Organized by New York-based artist Conrad Ventur, MONTEZLAND presents an expanded portrait of the legendary pre-Stonewall drag performer Mario Montez (1935-2013). Showcasing ephemera, photographs, documents, costumes, and film, the exhibition explores Montez’s role in and influence on the New York underground during the 1960s and 70s. MONTEZLAND includes recent collaborations between Montez and Ventur alongside documentation of Montez’s earlier works with Leandro Katz, Charles Ludlam, Hélio Oiticica, José Rodriguez-Soltero, Jack Smith, Andy Warhol, and Avery Willard, among others.
Montez was born René Rivera in Ponce, Puerto Rico, and grew up in East Harlem. In 1960, the performer met Jack Smith, becoming his muse and lover and appearing in Smith’s seminal underground film Flaming Creatures (1962-63) as Dolores Flores. It was at Smith’s suggestion that Rivera would take the name Mario Montez in homage to the campy 1940s Hollywood B movie actress Maria Montez. He would go on to appear in Smith’s Normal Love, No President, and other shorts, as well as thirteen films by Andy Warhol, who would co-opt Smith’s use of the term “superstar” to describe Montez and other underground performers. Montez would also co-found Charles Ludlam’s Ridiculous Theatrical Company in 1967 and play the lead role in José Rodriguez-Soltero’s Lupe (1966) about the death of 1940s Mexican Hollywood actress Lupe Vélez. In 1977, Montez retired from the New York art world and remained largely untraceable until 2010.
Montez and Ventur met not long after the performer emerged from a 35-year retirement. Their first collaboration re-staged Warhol’s screen test of Montez from 1965, part of a larger series of videos by Ventur re-examining the superstars in their old age. The two would later collaborate on a portfolio of film-still-esque photographs, portraits, and video works. Before Montez’ sudden passing in September 2013, the two were organizing a durational multi-media performance based in part on his roles from The Ridiculous Theatrical Company and favorite scenes from Hollywood films.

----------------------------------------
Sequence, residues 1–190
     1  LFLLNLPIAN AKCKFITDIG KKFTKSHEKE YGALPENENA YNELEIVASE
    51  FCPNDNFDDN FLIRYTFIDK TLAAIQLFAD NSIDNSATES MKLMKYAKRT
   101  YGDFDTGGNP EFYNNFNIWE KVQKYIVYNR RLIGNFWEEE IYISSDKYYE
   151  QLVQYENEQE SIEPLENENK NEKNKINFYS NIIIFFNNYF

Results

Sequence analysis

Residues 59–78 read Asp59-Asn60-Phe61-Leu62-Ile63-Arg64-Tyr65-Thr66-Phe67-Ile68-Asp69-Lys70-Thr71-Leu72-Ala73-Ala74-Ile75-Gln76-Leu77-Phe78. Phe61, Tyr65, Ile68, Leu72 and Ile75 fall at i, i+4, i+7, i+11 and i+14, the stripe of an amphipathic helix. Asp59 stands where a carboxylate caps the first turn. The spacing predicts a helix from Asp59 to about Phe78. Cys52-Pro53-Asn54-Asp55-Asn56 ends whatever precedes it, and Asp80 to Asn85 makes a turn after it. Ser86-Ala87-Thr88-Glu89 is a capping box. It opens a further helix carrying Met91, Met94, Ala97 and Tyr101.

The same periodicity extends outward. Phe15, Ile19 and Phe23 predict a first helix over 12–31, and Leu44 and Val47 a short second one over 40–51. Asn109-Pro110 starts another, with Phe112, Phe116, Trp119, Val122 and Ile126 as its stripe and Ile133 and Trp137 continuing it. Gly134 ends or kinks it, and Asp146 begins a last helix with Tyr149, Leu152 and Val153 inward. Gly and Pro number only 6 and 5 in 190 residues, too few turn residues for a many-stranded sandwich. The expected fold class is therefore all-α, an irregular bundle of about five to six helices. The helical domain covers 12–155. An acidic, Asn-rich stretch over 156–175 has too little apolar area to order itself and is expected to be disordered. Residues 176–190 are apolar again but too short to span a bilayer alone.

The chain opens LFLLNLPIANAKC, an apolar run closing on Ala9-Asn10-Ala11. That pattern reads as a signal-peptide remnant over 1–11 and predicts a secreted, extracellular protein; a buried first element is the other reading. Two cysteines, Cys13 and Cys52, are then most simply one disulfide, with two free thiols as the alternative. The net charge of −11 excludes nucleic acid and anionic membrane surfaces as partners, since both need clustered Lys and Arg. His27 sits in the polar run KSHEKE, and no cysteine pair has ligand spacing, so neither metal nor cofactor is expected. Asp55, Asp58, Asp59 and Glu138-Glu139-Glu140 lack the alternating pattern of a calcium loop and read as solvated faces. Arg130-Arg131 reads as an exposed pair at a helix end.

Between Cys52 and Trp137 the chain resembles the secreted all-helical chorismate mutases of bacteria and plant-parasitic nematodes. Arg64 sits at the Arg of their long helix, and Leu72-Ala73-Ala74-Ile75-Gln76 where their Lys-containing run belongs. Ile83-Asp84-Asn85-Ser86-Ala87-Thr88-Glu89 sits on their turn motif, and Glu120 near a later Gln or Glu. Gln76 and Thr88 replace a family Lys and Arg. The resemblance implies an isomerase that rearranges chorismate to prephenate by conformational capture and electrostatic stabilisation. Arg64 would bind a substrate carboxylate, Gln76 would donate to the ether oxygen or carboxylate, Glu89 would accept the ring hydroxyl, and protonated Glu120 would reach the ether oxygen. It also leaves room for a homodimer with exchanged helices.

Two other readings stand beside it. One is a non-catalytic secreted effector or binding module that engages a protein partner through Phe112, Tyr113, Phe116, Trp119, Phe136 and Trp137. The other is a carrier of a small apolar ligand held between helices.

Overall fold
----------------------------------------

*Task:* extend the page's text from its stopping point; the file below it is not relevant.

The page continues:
In addition to the collaborative photographs and videos with Ventur, the exhibition includesphotographs of Montez by Avery Williard, Montez’s spread in Gay Power from January 1969, two headdresses worn by Montez, and flyers from the Ridiculous Theatrical Company, among numerous other objects and archival materials. This exhibition marks the first such show on the West Coast to explore Montez’s life and influence as well as the first large-scale showing of Montez and Ventur’s collaborations.
In conjunction with MONTEZLAND, ONE Archives will present a screening of film and video on Wednesday, November 19, 2014, at the West Hollywood Council Chambers (Details TBA). The screening will be followed by a launch party for a zine on the exhibition published by Boo-Hooray.
MONTEZLAND is organized by Conrad Ventur and David Evans Frantz, Curator at ONE Archives at the USC Libraries. Support is provided by The Andy Warhol Foundation for the Visual Arts.
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Working within the media of photography and video for the last ten years, and more recently using installation, Conrad Ventur is interested in activating moving image archives, whether finding material online or looking at specific underground film archives and repositioning them in exhibition formats. He often brings together pioneers of living theater with a younger generation of performers in live and recorded environments. Born in Seattle, raised in New Haven, and living in New York since 2000, Ventur has chronicled his New York life with photography and the publication USELESS for over a decade. His single-channel and multi-channel video installations have been shown internationally. Ventur recently exhibited at The Andy Warhol Museum; Center for Curatorial Studies at Bard College; MoMA PS1; Moscow International Biennial III; and Kunsthalle Winterthur, Switzerland. Recent solo screenings include The High Museum of Art; The Museum of Modern Art, New York; and C/O, Berlin. In 2012, Ventur’s 13 Most Beautiful/Screen Tests Revisited (2009-2011) were acquired by The Whitney Museum of American Art.
Image: (Top) Conrad Ventur, MM#7, 2010-2013. Courtesy of the artist
ONE Gallery, West Hollywood
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